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Six-Year Outcome in Subjects Diagnosed with Attention-Deficit/Hyperactivity Disorder as Adults
Uppsala University, Disciplinary Domain of Medicine and Pharmacy, Faculty of Medicine, Department of Neuroscience, Psychiatry, University Hospital.
Uppsala University, Disciplinary Domain of Medicine and Pharmacy, Faculty of Medicine, Department of Neuroscience, Psychiatry, University Hospital.
2018 (English)In: European Archives of Psychiatry and Clinical Neuroscience, ISSN 0940-1334, E-ISSN 1433-8491, Vol. 268, no 4, p. 337-347Article in journal (Refereed) Published
Abstract [en]

There are very few studies on the long-term outcome in subjects diagnosed with ADHD as adults. The objective of the present study was to assess this and relate the outcome to whether there was current medication or not and to other potential predictors of favourable outcome. A prospective clinical cohort of adults diagnosed with ADHD according to DSM-IV criteria was followed-up on an average of 6 years after first evaluation (n = 124; mean age 42 years, 51% males). ADHD symptom trajectories were assessed as well as medication, global functioning, disability, health-related quality of life, and alcohol and drug consumption at follow-up. Ninety percent of those diagnosed were initially treated pharmacologically and half of them discontinued treatment. One-third reported remission, defined as not fulfilling any ADHD subtype and a GAF-value last year ≥ 70, which was not affected by comorbidity at baseline. Current medication was not associated with remission. Subjects evaluated and first diagnosed with ADHD as adults are functionally improved at follow-up 6 years later despite a high percentage of psychiatric comorbidity at baseline. Half dropped out of medication, and there was no difference in ADHD remission between subjects with on-going medication at follow-up or subjects without medication, although current medication was related to a higher degree of self-reported global improvement.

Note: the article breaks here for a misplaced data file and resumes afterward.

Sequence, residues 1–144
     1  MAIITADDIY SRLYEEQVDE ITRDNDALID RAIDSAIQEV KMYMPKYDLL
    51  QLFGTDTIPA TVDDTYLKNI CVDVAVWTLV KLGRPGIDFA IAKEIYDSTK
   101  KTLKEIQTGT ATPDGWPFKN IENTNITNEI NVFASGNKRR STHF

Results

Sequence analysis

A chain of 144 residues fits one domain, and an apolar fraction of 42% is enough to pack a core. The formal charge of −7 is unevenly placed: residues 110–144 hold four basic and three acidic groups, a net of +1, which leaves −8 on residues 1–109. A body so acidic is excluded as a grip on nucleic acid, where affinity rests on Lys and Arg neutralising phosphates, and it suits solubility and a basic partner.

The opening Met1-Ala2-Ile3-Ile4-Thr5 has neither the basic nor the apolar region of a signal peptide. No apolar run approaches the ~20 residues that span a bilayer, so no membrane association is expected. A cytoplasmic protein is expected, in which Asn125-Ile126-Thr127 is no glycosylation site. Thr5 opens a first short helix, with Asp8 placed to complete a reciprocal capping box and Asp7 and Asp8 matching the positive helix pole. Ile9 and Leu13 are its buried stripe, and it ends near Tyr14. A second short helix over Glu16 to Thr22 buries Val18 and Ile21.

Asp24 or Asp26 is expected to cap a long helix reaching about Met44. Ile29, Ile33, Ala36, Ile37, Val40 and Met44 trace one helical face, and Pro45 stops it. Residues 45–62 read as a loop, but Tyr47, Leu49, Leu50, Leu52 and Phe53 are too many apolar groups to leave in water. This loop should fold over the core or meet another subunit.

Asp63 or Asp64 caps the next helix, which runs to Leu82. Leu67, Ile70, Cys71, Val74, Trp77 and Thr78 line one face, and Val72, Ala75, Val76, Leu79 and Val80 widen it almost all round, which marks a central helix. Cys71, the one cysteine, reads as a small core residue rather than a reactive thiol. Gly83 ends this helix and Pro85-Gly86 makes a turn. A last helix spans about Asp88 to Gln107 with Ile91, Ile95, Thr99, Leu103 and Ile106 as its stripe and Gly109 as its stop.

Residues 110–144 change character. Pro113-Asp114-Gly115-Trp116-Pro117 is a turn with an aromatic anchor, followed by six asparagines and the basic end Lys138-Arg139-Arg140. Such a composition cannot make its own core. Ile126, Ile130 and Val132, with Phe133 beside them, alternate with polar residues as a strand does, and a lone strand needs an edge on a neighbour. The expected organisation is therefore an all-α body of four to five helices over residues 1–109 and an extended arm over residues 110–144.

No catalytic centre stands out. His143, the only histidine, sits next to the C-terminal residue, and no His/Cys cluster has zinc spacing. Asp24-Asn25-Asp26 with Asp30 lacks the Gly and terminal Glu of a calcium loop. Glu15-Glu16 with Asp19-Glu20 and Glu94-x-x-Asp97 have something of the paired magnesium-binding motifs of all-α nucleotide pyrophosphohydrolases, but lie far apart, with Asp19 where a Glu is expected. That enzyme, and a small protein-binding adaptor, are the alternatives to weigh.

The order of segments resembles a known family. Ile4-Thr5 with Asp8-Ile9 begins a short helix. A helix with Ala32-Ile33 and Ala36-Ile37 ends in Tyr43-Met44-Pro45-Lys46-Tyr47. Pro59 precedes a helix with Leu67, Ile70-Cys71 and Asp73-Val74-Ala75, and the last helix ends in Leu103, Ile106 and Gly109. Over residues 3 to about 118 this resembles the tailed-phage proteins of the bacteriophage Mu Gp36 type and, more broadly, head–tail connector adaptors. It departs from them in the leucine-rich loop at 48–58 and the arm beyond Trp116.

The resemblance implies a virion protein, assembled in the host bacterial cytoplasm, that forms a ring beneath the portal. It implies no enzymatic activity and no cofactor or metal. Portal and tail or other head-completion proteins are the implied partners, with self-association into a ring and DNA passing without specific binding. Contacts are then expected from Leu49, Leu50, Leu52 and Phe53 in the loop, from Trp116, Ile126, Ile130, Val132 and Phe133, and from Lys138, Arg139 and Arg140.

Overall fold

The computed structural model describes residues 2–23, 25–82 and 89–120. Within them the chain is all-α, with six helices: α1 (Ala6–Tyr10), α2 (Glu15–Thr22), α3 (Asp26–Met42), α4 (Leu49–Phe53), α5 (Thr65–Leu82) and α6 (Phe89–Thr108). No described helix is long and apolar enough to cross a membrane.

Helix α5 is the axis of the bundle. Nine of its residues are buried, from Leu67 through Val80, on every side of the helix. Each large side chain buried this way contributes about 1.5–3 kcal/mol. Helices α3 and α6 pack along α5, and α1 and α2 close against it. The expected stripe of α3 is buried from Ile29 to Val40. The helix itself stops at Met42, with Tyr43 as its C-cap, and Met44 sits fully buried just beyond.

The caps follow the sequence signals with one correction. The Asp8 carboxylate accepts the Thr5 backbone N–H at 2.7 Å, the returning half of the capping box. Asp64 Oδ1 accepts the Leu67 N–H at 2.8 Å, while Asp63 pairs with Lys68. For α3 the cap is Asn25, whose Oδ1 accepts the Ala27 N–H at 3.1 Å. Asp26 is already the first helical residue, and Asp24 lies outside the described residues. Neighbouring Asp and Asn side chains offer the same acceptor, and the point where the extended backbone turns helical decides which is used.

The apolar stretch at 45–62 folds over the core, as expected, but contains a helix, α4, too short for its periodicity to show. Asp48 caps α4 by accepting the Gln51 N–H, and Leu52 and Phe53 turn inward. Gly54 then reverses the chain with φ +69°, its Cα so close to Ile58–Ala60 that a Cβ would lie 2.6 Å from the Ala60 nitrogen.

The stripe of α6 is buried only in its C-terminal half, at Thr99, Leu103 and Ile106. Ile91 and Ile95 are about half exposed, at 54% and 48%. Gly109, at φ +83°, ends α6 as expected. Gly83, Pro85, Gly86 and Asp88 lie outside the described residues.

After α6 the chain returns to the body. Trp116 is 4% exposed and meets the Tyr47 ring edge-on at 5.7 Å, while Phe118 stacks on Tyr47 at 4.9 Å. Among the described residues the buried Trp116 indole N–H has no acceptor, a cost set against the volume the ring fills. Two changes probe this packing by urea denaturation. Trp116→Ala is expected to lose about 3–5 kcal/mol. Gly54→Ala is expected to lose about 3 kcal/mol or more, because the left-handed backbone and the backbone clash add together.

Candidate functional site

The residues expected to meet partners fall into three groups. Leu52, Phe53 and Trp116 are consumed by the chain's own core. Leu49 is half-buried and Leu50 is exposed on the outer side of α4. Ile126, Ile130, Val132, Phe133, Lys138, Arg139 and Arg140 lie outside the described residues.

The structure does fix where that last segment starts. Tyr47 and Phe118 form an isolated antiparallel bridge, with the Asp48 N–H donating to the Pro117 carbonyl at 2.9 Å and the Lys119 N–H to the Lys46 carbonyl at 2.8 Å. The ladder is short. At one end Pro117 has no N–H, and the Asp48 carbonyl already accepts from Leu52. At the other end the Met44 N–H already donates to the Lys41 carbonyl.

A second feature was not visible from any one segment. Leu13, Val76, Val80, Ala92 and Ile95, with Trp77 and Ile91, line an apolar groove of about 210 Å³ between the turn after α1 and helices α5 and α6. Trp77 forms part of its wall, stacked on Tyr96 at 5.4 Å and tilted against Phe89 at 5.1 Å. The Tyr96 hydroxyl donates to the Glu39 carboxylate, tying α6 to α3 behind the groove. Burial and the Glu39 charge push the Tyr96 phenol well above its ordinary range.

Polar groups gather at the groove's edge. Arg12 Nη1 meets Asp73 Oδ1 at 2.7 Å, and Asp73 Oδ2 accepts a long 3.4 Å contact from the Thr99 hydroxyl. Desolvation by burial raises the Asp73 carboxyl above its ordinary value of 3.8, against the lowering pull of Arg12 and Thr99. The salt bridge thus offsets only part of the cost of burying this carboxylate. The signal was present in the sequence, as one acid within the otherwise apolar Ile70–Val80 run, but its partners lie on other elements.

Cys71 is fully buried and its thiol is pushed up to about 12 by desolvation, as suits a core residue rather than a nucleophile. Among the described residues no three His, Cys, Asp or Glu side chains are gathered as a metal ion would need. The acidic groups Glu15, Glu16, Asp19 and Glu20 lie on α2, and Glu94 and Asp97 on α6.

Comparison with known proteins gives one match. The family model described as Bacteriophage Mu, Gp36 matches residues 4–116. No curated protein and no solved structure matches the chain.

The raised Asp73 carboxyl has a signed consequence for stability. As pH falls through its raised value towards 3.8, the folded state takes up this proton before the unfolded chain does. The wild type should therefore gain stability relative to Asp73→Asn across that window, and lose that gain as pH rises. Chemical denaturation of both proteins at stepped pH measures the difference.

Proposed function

Place, publisher, year, edition, pages
2018. Vol. 268, no 4, p. 337-347
National Category
Psychiatry
Research subject
Psychiatry
Identifiers
URN: urn:nbn:se:uu:diva-327890DOI: 10.1007/s00406-017-0850-6.ISI: 000432412500003PubMedID: 29143159OAI: oai:DiVA.org:uu-327890DiVA, id: diva2:1130811
Funder
Swedish Research CouncilAvailable from: 2017-08-11 Created: 2017-08-11 Last updated: 2018-07-30Bibliographically approved
In thesis
1. Attention Deficit/Hyperactivity Disorder in Adults: Prevalence, Psychiatric Comorbidities and Long-term Outcome
Open this publication in new window or tab >>Attention Deficit/Hyperactivity Disorder in Adults: Prevalence, Psychiatric Comorbidities and Long-term Outcome
2017 (English)Doctoral thesis, comprehensive summary (Other academic)
Abstract [en]

Attention Deficit/Hyperactivity Disorder (ADHD) was originally thought to occur only in children, but is increasingly recognised as causing functional impairment also in adulthood. The overall aim of this thesis was to achieve a comprehensive understanding of ADHD in adulthood.